argumentative and is throwing all of my things out.” She reported, “We are fighting like
cats and dogs; I’m afraid of her and of losing all my stuff.”
Home Visit
During the home visit, the APS worker observed that the living room was very cluttered,
but that the kitchen was fairly clean, with food in the refrigerator and cabinets. Despite
the clutter, all of the doorways, including the front door, had clear egress. The family
lives on the first floor of the apartment building and could exit the building without
difficulty in case of emergency. The litter boxes were also fairly clean, and there was no
sign of vermin in the home.

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© 2021 Walden University, LLC. Adapted from Plummer, S. -B., Makris, S., & Brocksen, S. M. (Eds.). (2014).
Sessions: Case histories. Laureate International Universities Publishing.
Upon questioning by the APS worker, Sara denied that she was afraid of her daughter
or that her daughter had been physically abusive. In fact, the worker observed that
Stephanie had a noticeable bruise on her forearm, which appeared defensive in nature.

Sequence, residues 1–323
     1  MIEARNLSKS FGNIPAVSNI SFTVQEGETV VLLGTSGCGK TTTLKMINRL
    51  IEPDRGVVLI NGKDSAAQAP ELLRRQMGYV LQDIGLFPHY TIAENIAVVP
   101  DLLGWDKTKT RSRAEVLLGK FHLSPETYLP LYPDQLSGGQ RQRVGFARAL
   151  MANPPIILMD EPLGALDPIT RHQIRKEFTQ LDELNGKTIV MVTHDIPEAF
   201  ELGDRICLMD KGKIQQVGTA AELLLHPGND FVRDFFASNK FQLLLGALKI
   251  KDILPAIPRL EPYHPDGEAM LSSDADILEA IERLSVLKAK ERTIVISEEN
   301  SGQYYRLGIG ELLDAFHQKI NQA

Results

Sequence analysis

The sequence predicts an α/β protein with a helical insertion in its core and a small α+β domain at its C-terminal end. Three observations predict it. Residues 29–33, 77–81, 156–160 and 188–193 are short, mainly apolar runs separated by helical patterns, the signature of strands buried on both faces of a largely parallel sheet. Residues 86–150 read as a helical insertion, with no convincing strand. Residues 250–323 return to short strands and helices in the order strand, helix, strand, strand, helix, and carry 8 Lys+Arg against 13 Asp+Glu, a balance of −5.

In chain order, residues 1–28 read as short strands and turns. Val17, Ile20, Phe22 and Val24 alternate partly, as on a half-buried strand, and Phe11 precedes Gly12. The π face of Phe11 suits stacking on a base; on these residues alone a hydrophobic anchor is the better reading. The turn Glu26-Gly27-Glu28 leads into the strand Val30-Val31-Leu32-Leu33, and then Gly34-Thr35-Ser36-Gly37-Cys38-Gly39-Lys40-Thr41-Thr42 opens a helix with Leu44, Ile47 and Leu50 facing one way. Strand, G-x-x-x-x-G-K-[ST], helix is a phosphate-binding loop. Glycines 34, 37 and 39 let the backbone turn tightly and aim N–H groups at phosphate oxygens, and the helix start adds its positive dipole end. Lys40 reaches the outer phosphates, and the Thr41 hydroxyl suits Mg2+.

When asked about the bruise, Stephanie reported that she had gotten it when her
mother tried to grab some items out of her arms that she was about to throw out.
Stephanie admitted to throwing things out to clean up the apartment, telling the APS
worker, “I’m tired of my mother’s hoarding.” Sara agreed with the description of the
incident. Both Sara and Stephanie admitted to an increase in arguing but denied
physical violence. Sara stated, “I didn’t mean to hurt Stephanie. I was just trying to get
my things back.”
The APS worker observed that Sara’s appearance was unkempt and disheveled, but
her overall hygiene was adequate (i.e., clean hair and clothes). Stephanie was neatly
groomed with good hygiene. The APS worker determined that no one was in immediate
danger to warrant removal from the home but that the family needed a referral for
Intensive Case Management (ICM) services. It was clear there was some conflict in the
home that had led to physical confrontations. Further, the house had hygiene issues,
including trash and items stacked in the living room and Sara’s room, which needed to
be addressed. The APS worker indicated in her report that if not adequately addressed,
the hoarding might continue to escalate and create an unsafe and unhygienic
environment, thus leading to a possible eviction or recommendation for separation and
relocation for both women.
As the ICM worker, I visited the family to assess the situation and the needs of the
clients. Stephanie said she was very angry with her mother and sick of her compulsive
shopping and hoarding. Stephanie complained that they did not have any visitors and